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March 01, 2006

Walk the Line


James Mangold - 2005
20th Century Fox Region 1 DVD

Conspicuous in his absence in Walk the Line is Bob Dylan. Dylan is mentioned once by Johnny Cash in a conversation with his father. Cash and June Carter sing "It Ain't Me, Babe" in a rousing duet. Later Cash is seen hanging photographs while "Highway 61 Revisited" blasts on the stereo. A final mention of Dylan by a record executive seems designed for the benefit of an audience totally unaware of the state of popular music in 1968. Not only was Johnny Cash aware the Dylan had "gone electric" but The Beatles and The Byrds were electric rock bands to begin with. One has to see No Direction Home, the recent Dylan documentary to get a clearer idea of Cash's relationship with Dylan. One depending on Walk the Line would be unaware that not only did Johnny Cash have his own weekly television show in 1969, but that Dylan made an extremely rare television appearance as Cash's first guest.

Maybe I'm being a nit-picker here. Most biographical films are known for their "truthiness" rather than absolute truthfulness. For me, Walk the Line hit several false notes, ranging from playing with the facts to questionable casting. I'm usually fairly good at recognizing imposters, yet it wasn't until I read the credits that I realized that the guy who looked like Buddy Holly was suppose to be Roy Orbison. Joaquin Phoenix somewhat looked like Cash, though it took about an hour before the singing voice became passable.

Even though she looks nothing like June Carter, Reese Witherspoon is the life of this party. Her singing voice is higher than Carter's but she tries to mimic Carter's inflections and growls. With her voice and chin, Witherspoon actually is a little closer to rockabilly party girl Wanda Jackson. When Witherspoon steps out to sing her first number as Carter, she brings the spark of life to the film. Based on Witherspoon's performance, as well as his success with the actress driven Girl, Interrupted, James Mangold might want to reconsider his strengths as a director.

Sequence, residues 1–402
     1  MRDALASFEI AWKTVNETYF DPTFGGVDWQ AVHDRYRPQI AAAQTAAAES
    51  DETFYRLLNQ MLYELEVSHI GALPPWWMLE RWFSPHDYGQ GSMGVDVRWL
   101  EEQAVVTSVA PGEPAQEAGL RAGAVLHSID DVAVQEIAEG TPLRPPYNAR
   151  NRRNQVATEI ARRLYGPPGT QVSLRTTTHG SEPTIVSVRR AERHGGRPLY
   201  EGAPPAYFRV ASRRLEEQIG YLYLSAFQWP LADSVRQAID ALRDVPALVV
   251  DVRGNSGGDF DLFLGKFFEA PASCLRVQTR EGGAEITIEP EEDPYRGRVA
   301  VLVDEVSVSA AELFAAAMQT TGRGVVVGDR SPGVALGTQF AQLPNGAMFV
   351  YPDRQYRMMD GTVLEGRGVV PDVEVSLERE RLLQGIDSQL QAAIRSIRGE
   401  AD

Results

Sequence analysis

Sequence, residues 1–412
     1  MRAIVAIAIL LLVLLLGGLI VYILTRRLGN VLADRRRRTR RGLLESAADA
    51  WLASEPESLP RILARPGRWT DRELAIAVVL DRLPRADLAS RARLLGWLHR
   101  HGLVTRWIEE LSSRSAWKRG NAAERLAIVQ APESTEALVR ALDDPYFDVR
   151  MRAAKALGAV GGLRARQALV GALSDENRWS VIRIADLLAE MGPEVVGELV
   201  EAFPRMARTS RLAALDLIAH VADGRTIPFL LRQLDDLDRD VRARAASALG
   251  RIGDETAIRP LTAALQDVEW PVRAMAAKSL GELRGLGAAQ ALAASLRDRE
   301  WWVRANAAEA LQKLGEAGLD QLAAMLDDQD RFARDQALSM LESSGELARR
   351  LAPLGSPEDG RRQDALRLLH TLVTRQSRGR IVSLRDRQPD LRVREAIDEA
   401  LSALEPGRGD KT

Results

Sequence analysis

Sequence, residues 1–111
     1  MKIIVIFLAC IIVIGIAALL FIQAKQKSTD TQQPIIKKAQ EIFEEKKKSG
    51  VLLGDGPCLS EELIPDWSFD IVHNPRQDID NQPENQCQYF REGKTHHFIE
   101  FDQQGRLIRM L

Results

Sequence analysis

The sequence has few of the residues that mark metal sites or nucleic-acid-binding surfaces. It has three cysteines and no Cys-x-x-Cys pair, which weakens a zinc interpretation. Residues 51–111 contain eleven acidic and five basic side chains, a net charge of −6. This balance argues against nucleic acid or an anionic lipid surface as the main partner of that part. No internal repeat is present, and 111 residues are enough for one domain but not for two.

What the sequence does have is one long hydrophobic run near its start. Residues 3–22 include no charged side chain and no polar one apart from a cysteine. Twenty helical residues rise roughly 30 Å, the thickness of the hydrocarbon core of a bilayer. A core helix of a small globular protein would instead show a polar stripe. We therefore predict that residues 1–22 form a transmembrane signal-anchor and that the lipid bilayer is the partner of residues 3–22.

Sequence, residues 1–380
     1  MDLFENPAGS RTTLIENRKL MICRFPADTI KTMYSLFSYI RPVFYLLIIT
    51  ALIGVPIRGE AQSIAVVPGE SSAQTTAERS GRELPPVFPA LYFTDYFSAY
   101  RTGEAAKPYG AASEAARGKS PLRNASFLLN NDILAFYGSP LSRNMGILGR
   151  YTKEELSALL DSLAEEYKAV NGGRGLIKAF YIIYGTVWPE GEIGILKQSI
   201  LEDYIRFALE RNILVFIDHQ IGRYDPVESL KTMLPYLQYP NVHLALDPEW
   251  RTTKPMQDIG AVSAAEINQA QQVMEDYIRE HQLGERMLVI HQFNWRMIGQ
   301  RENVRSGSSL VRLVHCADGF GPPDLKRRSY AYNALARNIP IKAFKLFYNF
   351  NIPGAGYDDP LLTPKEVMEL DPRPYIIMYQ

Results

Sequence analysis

The film opens with faux Ford images of poor white sharecroppers on the cotton field. Later, an unmoored camera follows Phoenix as he goes on a rampage in his dressing room, tearing out a sink and falling on the floor. Even disregarding the inconsistent visual style, Walk the Line feels less authentic than such films as Coal Miner's Daughter and the fictionalized Sweet Dreams, and is certainly less visually consistent. The high point for Walk the Line is hearing the real Johnny Cash and June Carter sing behind the final credits. The real story of Johnny Cash and June Carter is told through the singers' own songs.

Posted by peter at March 1, 2006 11:23 AM


Peter, I have been to and fro on seeing this one. One guy whose opinion I very much respect was blown away by it, but I don't think he grew up with Cash in the way I did. It does rather seem to me that many of those swooning over the film have a small or late-blooming acquaintance with the man's music. I just watched the San Quentin documentary not too long ago and again thought I was better off with that than the two leads, who really don't look a thing like Johnny or June. I am sure I'll see it eventually, I am sure there will be things I like, but I am also sure that much of what irritated you will also irritate me.

Posted by: Campaspe at March 5, 2006 07:53 PM